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    I assume you're talking about the variation in V. indicus up north. If that is the case don't be surprised to see V. doreanus being listed as being native to Australia. There is considerable talk about them already being here and the Qld museum has in its collections a V. doreanus collected by a German fellow some time back up on cape york. Further to this is you go to iron range national park there are signs there of V. indicus which are clearly V. doreanus. The difficulty is getting someone with the funding and the time to go up there and catch an extremely elusive semi aquatic lizard in an area where field work is restricted to 6 months of the year and then definitively prove to a very stubborn colleagues that you have in fact proven that another species of monitor lives here.
     
    Last edited: May 21, 2014
  12. insitu

    insitu Active Member

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    chilli beach
     
  13. CrazyNut

    CrazyNut Well-Known Member

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    yeh that was what is was talking about but they are certainly not Doreanus.
     
  14. insitu

    insitu Active Member

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    as far as i remember there is at least 8 and possibly now over 10 species in the V indicus complex, doreanus is in Australian waters, the one Danny supposedly found in chilli beach is the only specimen iv heard of found on the mainland and being possibly more of a highland species avoiding the coast lines id say it doesnt belong near the beach and possibly shouldnt have been there, but i dont know a lot about that story, many people have claimed to have also found prasinus on the mainland in iron range but we are all yet to see it or even a photo of it, the blue form being recessive could be possible by all means but while the majority of species in PNG and surrounds are typically blue in colour and were heavily exploited for the pet trade id lean further towards their origins being the same as the majority of chondros we have in collections today, really though at the end of the day it doesnt matter what colour it is if you really want to work out if its a different species you need to work out its origins and original locality, in aus, in the wild all the animals here are indicus (although i do seem to feel like i remember them being listed under something else now) either way here they are all the same species in the bush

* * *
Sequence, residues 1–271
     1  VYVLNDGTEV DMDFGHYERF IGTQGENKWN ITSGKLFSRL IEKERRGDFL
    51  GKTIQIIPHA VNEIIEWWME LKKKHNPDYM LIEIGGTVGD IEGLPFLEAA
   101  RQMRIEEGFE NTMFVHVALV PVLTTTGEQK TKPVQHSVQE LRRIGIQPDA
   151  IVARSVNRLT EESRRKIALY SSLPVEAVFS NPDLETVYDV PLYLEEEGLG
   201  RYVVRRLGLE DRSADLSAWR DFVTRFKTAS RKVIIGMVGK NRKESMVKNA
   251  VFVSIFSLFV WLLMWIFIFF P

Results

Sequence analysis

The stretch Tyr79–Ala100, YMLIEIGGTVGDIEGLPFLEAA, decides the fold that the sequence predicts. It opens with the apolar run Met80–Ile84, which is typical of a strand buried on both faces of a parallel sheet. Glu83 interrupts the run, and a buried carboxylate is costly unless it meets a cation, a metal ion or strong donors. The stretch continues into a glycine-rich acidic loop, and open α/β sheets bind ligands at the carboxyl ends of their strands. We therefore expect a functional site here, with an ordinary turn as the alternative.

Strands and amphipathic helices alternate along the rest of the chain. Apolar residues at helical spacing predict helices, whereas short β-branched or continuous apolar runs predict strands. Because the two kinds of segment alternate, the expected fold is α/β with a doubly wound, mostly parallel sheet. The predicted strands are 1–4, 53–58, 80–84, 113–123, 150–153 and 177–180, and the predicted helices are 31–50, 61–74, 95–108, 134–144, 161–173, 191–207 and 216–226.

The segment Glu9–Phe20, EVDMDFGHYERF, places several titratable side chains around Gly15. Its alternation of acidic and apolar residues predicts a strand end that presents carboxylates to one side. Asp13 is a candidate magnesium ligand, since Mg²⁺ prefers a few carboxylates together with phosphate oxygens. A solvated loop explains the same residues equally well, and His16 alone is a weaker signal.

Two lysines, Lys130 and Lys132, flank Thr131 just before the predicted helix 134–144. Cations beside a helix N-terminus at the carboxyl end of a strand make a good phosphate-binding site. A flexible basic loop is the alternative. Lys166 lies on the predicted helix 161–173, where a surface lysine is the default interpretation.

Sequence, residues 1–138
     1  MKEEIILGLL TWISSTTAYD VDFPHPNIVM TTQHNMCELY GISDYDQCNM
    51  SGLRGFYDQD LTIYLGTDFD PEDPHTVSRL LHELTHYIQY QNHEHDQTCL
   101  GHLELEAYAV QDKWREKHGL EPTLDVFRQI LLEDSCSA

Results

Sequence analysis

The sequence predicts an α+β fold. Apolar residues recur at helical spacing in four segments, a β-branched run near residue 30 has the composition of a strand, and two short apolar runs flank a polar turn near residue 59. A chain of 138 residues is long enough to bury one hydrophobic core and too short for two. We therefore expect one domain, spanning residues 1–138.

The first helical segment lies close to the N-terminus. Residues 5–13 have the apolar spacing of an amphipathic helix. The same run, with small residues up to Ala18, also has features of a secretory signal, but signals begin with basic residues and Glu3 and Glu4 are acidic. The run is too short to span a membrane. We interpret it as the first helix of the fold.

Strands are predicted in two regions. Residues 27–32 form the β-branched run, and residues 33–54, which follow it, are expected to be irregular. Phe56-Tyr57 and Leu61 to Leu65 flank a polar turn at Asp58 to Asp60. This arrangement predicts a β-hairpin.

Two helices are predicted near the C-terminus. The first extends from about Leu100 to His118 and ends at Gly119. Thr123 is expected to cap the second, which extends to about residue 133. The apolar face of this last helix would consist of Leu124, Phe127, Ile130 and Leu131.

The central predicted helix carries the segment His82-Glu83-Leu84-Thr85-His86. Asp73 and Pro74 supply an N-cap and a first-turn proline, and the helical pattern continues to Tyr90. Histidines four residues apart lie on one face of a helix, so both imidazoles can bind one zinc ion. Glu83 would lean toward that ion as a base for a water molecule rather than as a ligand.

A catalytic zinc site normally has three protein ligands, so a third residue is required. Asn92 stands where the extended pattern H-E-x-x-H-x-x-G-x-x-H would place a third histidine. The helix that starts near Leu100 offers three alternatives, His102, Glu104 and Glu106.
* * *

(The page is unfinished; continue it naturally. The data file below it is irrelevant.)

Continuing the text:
15. DanN

    DanN Well-Known Member

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    Attached is a "great" photo of V. doreanus from near the tip of CYP. I see them fairly regularly, and they appear to be the same beast that we were calling dorenaus in southern New Guinea (different to indicus, with lots of blue). Very difficult to get close to (as evidenced by the photo...). Others have better pictures from around Lockhart.

    Dan
     

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  16. Mr.Self-destruct

    Mr.Self-destruct New Member

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    I wouldn't be too certain about that. Considering there was once a massive landbridge between us and PNG and the fact that we share such a wide range of fauna (Even shared rivers) it would be downright silly to write off a lizard within a species complex (IE. not sure what you are) to definitely not being a species found just over on a neighboring and only recently (geologically) distinct landmass.
     
  17. The_Phantom

    The_Phantom Not so new Member

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    there's a lot more work needing to be done on these goannas.
     
    Last edited: May 22, 2014
  18. insitu

    insitu Active Member

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    it really comes down to their ecological relationships, theres reasons we dont see orientalis and tristis sharing the same ecosystem, same as scalaris and pellewensis, same as prasinus and keithorni, diamonds and carpets, panoptes and rubidus, each has direct access to both habitats but one takes the place of another. we have many undescribed sub species and undescribed monitors at species level so its not impossible at all but i will remain skeptical until i see some form of proof other than storys of them being seen. as far as species complexes sharing both regions, our adders are different to theirs, our bluetongues are and our kinghorni, chondros, subglobosa, scalaris, etc etc i dont see why indicus wouldnt be
     
  19. geckodan

    geckodan Very Well-Known Member

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    The animals I was referring to as "blue" was the blue mutation of Varanus indicus.

    V. doreanus is a separate issue - there are now three verified specimens in the Qld museum (verified by Valter Weijola) from Cape York so there is no question at all as to whether or not they exist in Australia.
     
  20. CrazyNut

    CrazyNut Well-Known Member

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    pretty use this is not Doreanus... Though I won't disagree with you, there is a large chance there are specimens that are not indicus
    View attachment 309929
     
    Last edited: May 22, 2014